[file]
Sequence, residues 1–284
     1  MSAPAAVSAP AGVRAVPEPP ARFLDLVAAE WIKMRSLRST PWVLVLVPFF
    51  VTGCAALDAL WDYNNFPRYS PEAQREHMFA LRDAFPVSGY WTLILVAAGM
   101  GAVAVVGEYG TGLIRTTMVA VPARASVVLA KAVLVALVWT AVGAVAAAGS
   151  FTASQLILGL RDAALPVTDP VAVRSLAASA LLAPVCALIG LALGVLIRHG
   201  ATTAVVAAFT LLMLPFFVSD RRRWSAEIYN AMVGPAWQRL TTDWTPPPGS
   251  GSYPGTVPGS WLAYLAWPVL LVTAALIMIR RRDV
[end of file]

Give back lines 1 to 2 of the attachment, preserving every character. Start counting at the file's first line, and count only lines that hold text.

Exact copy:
Sequence, residues 1–284
     1  MSAPAAVSAP AGVRAVPEPP ARFLDLVAAE WIKMRSLRST PWVLVLVPFF